Based on the true story of Garrard Conley (named Jared Eamons in the film), who was forced to join a gay conversion therapy program after being outed to his parents. While there, Jared comes into conflict with its leader and begins his journey to finding his own voice and accepting his true self.
Boy Erased is the second directorial effort of Joel Edgerton, who also writes and stars in the film, and I’ve been a fan of his acting even before he took a seat behind the camera. He’s proven himself to not only have a grip on a script and cast but also convey a theme strongly through filmmaking. Lucas Hedges has impressed me very much these last few years, especially in Manchester by the Sea and Three Billboards Outside Ebbing, Missouri, but in the leading role he is once again able to shine as a young man who wants to be himself but his parents and peer’s beliefs come into conflict with who he is. Edgerton also stands out as the leader of the gay conversion program who also believes homosexuality is a sin and a choice, even though it is part of who somebody is. This head therapist acts as a source of passionate hate and demoralization for those who are at the therapy, even though back then some people thought this kind of therapy would “cure” people and make them heterosexual without considering what mental and emotional harm this would cause. Also remarkable are Nicole Kidman and Russell Crowe as Jared’s parents, who seemingly must choose between what they believe and their unconditional love for their son. The movie is tough to watch in some parts because of how unfortunate the situation was — members of the LGBT community were forced to believe something was wrong with them and that they had to be “fixed”, and that this kind of therapy is even still allowed in 36 states. I’m glad we live in a time where more people accept others for who they are and more LGBT men and women can live life as they please and feel comfortable with their identity, even though the world still isn’t perfect. This powerful execution is resonant yet imperfect — a more linear storytelling and some more on-screen emphasis on the protagonists’ emotional state would have made his arc hit home even more, but the final 20 minutes are especially fantastic and deliver every performance to its fullest, and its theme wonderfully.
Boy Erased has powerful themes and outstanding performances that will resonate, as well as an important message that is as relevant today as it was then.
Christmas is arriving in Whoville, and everyone can’t wait — except for The Grinch, who despises the holiday. Together with his trusty dog Max, he sets out to steal everyone’s Christmas gifts and end the beloved holiday once and for all.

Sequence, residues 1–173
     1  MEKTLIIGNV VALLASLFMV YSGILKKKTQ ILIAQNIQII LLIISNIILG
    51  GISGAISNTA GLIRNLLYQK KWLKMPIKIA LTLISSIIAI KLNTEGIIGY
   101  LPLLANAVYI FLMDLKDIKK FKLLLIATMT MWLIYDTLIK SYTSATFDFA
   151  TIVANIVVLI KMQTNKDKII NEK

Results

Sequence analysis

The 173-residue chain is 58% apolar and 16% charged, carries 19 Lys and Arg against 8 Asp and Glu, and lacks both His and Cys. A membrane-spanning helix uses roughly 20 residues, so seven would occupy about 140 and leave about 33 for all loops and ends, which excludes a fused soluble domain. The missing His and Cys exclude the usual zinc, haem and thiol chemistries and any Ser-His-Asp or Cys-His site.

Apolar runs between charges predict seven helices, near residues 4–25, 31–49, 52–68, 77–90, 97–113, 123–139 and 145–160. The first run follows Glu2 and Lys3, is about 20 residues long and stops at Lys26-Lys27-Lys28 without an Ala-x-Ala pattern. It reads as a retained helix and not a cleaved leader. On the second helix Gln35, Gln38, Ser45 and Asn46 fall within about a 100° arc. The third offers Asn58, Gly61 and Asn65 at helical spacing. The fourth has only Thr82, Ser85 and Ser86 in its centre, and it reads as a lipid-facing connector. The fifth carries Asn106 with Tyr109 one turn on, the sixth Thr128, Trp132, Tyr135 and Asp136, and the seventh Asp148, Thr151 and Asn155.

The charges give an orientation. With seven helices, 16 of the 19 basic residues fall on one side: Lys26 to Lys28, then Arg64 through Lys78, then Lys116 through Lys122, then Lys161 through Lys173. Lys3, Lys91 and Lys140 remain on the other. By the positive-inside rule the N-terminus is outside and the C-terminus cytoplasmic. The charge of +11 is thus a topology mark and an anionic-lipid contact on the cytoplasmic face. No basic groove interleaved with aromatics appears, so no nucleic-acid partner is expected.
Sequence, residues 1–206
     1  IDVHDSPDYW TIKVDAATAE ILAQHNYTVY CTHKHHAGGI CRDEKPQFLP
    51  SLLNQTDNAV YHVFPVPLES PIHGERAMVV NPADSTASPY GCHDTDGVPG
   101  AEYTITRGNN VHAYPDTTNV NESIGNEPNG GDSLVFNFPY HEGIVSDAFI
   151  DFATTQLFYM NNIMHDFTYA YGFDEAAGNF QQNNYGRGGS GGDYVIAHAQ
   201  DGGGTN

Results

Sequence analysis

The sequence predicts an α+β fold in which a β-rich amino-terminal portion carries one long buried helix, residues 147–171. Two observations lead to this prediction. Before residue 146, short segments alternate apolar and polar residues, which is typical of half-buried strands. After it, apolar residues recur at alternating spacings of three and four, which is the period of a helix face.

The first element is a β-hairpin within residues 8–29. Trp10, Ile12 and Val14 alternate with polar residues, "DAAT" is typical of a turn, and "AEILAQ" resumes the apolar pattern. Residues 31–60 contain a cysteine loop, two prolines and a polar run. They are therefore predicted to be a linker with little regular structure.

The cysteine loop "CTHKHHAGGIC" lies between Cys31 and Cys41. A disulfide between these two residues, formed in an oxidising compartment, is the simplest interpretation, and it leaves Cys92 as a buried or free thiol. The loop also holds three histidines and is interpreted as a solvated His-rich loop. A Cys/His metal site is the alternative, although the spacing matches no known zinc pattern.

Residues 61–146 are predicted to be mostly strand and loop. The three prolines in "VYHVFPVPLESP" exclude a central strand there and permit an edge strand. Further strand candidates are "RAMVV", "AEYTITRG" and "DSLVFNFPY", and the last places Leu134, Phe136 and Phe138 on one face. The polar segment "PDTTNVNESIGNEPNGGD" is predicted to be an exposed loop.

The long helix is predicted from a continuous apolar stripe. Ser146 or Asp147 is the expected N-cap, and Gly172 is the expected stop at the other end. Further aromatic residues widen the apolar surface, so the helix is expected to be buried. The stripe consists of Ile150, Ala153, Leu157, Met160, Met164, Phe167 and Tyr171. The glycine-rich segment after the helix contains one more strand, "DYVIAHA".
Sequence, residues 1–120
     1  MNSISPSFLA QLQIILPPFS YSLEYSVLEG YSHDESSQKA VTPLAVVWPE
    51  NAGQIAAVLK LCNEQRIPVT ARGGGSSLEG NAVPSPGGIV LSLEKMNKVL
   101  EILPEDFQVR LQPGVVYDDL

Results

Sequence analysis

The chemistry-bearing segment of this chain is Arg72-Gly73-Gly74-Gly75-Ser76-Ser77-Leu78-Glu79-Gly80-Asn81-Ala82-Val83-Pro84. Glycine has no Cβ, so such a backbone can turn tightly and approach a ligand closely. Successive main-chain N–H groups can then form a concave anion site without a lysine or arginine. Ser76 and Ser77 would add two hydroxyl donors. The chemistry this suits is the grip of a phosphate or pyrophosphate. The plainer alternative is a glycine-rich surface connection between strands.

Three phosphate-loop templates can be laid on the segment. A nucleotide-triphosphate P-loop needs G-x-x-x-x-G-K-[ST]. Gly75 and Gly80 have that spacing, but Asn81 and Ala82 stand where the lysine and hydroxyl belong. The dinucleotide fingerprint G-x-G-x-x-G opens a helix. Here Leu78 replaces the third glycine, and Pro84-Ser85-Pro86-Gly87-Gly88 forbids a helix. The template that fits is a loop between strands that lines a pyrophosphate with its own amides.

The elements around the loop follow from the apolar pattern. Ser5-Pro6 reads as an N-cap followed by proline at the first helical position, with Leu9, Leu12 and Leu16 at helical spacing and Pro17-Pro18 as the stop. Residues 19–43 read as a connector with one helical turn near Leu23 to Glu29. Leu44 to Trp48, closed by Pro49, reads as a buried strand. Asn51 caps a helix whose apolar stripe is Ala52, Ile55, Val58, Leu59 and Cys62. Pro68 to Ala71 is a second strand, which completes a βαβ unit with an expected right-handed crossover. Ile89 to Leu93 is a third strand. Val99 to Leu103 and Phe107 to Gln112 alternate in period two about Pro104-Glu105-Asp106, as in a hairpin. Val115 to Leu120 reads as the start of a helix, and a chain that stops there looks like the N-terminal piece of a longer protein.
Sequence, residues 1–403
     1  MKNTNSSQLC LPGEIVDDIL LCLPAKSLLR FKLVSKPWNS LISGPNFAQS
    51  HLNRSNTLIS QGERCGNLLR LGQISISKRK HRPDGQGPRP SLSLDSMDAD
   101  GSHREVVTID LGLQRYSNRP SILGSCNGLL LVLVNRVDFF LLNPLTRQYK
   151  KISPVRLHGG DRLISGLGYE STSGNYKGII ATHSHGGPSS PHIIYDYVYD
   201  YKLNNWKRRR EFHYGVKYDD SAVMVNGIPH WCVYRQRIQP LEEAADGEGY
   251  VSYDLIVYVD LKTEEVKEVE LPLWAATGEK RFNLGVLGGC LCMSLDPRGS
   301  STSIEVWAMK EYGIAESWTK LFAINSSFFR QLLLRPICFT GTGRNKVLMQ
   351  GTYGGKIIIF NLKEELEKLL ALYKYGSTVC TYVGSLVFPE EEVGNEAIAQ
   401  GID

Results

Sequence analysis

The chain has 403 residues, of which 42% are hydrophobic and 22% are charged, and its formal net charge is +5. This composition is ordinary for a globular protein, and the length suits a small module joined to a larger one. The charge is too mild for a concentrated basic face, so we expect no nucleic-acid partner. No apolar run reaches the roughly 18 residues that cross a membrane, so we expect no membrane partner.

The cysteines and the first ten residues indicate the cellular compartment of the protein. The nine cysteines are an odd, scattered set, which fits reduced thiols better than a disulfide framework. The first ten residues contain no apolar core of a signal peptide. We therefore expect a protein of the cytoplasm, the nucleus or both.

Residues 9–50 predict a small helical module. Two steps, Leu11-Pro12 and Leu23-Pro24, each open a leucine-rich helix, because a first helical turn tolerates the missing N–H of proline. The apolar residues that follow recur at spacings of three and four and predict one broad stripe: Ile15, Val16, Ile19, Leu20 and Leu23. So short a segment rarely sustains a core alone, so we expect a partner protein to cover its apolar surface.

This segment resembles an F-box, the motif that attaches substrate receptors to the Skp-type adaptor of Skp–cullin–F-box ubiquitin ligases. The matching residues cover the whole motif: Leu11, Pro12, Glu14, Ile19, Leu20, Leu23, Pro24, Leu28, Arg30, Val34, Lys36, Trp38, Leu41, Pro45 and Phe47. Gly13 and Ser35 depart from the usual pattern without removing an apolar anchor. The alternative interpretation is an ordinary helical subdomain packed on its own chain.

The Grinch is an adaptation of a classic Dr. Seuss story many grew up reading and knowing, which was previously adapted by Ron Howard in 2000 — so was there really a point in this movie being made? We all know how the story goes and this movie offers nothing knew that the story benefits from with another adaptation. The plot is very by-the-books and the humor is aimed for children and children only. This film is marketed as a “reimagining” but no imagination is put into the script or themes that will make audiences discover something new. Kids will have a blast with the ridiculous humor, but as one who has seen tons of animated movies, every joke was predictable and felt recycled to me. Some scenes made only to extend a short children’s story to a 90-minute feature film are so laughable it’s hard to imagine film executives sitting in a pitch room planning those scenes out for a movie. The computer animation is dull and not very exciting compared to Disney’s animated films which bring so much energy into their animation. The ultimate theme of kindness will likely appeal to young ones and teach them a lesson — one that adults have seen many times already and don’t need repeated to them. Benedict Cumberbatch was a solid choice to play the Grinch, but it feels like a missed opportunity that they chose to use his American accent instead of letting him use his natural English accent that has worked as menacing and villanous in many films before. There’s also one other entertaining voice role, played by SNL cast member Kenan Thompson, but lots of the film also focuses on a young girl named Cindy Lou, and this subplot feels like the most bloated and tough-to-sit-through part of the film until the message of it only makes sense at the very end. The book this movie is based on is called How the Grinch Stole Christmas, but the actual stealing of Christmas which is the objective of the whole film is mostly skimmed past in a montage. There are also some very weird soundtrack choices like an awful rap version of the classic hit “You’re a Mean One, Mr. Grinch” from the original adaptation, and other oddly placed music like a song from The Sound of Music. I enjoyed the first two Despicable Me movies, but after that it looks like Illumination has lost their originality when it comes to animated films with films like Minions, Despicable Me 3 and Sing which all felt like wastes of time and effort, retreading the same ground and offering less of a family invitation and more of a “kids drag their parents to it” kind of films to make money. It seems like Disney and Pixar are the only animation studios that still deliver new and unique family films in my eyes, and the rest have given up.